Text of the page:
Read the full, original biography by Giovana Xavier in the The Dictionary of Caribbean and Afro-Latin American Biography.

View complete story (pdf)

Online Resources

“Brazil: Five Centuries of Change.” Brown University Libraries | Center for Digital Scholarship, https://library.brown.edu/create/fivecenturiesofchange/chapters/chapter-3/slavery-and-aboliton/.

The Brazilian Report. “Slavery in Brazil.” Wilson Center, 13 May 2020, https://www.wilsoncenter.org/blog-post/slavery-brazil.

Bibliography

Gomes, Flávio dos Santos. Histórias de quilombolas: Mocambos e comunidades de senzala no Rio de Janeiro, século XIX. Rio de Janeiro: Arquivo Nacional, 1995. 

 

Oliveira, Maria Inês Cortes de. O liberto: Seu mundo e os outros. São Paulo: Corrupio, 1988. 

 

Reis, João José. A rebelião escrava no Brasil: A história do Levante dos Malês em 1835. São Paulo: Companhia das Letras, 2003. First published 1986. 

 

Silva, Silvia Maria. “O poder de Zeferina no quilombo do Urubu: Uma reconstrução histórica político social.” M.A. thesis, Universidade Metodista de São Paulo, São Bernardo do Campo, 2003. 

 

Verger, Pierre Fatumbi. Fluxo e refluxo do tráfico de escravos entre o Golfo de Benin e a Bahia de Todos os Santos: Dos séculos XVII e XIX. São Paulo: Corrupio, 1987.

Adapted by

Jennifer Mojica Santana

Contributing Institutions

Hutchins Center for African & African American Research, Harvard University, Cambridge, MA.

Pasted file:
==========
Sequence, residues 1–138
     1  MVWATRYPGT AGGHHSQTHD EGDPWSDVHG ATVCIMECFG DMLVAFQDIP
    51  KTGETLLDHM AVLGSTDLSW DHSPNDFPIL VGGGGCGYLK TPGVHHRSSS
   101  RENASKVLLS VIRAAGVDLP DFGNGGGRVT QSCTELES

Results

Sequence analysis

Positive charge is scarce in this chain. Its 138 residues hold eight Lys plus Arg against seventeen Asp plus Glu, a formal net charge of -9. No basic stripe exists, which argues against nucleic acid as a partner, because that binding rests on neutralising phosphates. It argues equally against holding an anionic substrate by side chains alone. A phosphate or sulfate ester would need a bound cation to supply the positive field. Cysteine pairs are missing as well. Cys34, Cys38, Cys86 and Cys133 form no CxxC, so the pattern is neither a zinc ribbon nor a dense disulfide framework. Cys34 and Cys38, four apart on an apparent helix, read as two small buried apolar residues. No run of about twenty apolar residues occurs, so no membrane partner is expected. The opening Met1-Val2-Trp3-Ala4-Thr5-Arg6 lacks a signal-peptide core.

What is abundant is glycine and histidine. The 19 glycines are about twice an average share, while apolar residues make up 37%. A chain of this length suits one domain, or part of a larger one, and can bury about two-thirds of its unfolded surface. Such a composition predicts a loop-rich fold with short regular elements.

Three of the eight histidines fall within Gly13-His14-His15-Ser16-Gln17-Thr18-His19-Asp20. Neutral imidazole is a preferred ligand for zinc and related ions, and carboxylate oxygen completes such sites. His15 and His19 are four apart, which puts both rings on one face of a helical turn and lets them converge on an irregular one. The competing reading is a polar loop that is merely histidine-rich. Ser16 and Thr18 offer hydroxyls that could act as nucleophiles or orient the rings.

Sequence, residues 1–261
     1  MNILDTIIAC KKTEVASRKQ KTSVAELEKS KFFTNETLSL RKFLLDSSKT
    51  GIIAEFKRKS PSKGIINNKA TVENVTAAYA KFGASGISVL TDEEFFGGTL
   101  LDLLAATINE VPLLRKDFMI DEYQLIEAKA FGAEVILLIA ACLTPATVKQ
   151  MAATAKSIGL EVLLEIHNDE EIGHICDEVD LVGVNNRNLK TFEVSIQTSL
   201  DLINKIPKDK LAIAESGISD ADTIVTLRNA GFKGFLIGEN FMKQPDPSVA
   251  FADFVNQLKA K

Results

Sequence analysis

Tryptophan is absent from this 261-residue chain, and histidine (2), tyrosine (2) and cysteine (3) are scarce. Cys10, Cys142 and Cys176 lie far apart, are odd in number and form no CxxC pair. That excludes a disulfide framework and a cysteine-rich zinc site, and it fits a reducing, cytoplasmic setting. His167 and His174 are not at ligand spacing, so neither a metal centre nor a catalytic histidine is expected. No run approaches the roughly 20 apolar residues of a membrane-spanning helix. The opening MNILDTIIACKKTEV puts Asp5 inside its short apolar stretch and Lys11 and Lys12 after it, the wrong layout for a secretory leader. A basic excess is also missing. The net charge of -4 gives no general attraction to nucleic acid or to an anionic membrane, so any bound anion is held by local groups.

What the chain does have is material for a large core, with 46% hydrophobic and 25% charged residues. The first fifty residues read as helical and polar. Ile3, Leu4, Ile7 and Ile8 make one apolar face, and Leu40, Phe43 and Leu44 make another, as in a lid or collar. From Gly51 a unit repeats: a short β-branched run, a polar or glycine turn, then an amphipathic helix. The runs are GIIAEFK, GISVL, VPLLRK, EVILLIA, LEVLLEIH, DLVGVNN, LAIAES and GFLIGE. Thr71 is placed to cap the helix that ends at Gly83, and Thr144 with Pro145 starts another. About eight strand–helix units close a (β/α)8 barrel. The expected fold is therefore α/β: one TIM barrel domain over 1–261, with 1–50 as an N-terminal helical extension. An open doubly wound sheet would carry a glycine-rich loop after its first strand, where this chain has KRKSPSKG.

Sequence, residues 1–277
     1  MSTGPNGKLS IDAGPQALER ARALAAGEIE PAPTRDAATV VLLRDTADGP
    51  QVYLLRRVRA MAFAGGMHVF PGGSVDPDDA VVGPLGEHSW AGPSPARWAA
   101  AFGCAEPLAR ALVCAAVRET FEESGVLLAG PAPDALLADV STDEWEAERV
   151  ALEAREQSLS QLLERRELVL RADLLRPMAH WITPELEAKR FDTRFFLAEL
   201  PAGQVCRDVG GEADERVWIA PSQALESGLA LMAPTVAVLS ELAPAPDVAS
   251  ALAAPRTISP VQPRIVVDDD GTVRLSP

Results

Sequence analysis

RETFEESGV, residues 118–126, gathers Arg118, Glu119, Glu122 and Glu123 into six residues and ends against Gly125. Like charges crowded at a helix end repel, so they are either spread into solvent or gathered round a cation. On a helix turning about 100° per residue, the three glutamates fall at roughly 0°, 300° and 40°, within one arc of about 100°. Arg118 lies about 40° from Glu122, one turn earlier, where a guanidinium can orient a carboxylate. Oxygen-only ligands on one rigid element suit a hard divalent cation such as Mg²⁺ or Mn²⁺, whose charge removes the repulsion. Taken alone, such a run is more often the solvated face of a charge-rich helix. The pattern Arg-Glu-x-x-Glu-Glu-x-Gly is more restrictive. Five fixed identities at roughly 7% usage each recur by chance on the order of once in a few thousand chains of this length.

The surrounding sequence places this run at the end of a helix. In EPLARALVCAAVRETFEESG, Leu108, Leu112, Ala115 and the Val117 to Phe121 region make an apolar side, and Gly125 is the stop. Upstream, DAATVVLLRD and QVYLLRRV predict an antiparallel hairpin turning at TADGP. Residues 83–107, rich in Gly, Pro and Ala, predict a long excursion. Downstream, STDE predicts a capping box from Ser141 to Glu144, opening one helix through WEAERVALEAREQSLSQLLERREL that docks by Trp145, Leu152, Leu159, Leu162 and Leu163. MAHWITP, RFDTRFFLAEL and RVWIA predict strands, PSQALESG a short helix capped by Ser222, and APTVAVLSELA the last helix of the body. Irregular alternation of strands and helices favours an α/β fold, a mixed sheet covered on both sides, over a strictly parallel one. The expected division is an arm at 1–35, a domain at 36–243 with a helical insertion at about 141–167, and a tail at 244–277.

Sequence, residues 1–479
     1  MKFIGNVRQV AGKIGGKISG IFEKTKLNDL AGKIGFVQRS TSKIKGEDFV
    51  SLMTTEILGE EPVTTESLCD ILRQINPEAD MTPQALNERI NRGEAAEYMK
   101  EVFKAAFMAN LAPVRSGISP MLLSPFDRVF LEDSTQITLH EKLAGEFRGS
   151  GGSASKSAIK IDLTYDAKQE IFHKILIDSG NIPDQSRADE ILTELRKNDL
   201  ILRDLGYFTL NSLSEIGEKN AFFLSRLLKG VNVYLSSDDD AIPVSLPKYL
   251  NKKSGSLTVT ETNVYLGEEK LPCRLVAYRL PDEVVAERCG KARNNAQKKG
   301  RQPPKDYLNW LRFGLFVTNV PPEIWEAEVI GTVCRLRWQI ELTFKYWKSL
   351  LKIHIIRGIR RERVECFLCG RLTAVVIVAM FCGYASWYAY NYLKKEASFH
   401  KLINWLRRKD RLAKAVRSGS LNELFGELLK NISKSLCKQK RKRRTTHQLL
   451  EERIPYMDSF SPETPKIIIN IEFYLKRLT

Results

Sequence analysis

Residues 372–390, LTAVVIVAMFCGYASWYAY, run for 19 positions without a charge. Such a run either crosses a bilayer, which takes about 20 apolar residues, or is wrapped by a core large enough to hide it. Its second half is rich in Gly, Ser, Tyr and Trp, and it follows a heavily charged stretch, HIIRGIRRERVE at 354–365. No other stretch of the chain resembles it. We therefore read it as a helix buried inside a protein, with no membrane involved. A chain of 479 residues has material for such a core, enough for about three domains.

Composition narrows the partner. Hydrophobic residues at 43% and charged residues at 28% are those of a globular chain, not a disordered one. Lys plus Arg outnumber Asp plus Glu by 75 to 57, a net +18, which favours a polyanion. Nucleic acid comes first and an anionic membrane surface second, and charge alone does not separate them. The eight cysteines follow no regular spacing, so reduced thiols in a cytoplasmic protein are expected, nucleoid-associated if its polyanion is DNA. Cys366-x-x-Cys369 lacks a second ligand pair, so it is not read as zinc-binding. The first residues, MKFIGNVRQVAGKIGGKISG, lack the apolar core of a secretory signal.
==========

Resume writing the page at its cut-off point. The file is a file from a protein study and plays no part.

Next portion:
Oxford University Press (USA) African American Studies Center

Key Events

Late 18th century

Zeferina’s mother, Amalia, is enslaved in Angola and forced on a slave ship to Bahia, a major slave trading port in Brazil, where Zeferina is born.

1826

The Revolta do Quilombo do Urubu, an “uprising that sought to secure land and fight against the stave system” takes place. According to historian João Reis, the uprising started after “quilombas” (Maroons) were found smuggling meat and flour. On December 16, they took arms against those who might accuse them, even against farmers nearby. Afterwards, they headed towards Urubu, a neighborhood in Salvador, marking their revolt with shouts of “Die White and Live Black”. Among the fighters was Zeferina, who fought back with a bow and arrow. She was captured and was the only woman sentenced to hard labor in prison. Zeferina stated that she had been waiting the arrival of slaves to Salvador on Christmas Eve, who intended to “invade the capital city in order to kill the white people and gain their freedom”. Legend has it that Zeferina is the last of the rebels to surrender.

After 1826

Zeferina disappears from the public record. Slavery continues in Bahia.

1835

The Malê Revolt by Muslim West African slaves takes place. It is known as one of the greatest slave rebellions in Bahia.

1871

The Law of the Free Womb is enacted in Brazil. This law grants freedom to all children born to enslaved people, an important step towards eventual abolition. Although the law granted freedom, these children were still subjected to work for their parents’ masters until reaching adulthood as a form of “compensation”.

May 13, 1888

The “Golden Law”, which abolishes slavery Brazil, is enacted by Princess Isabel of Bragança.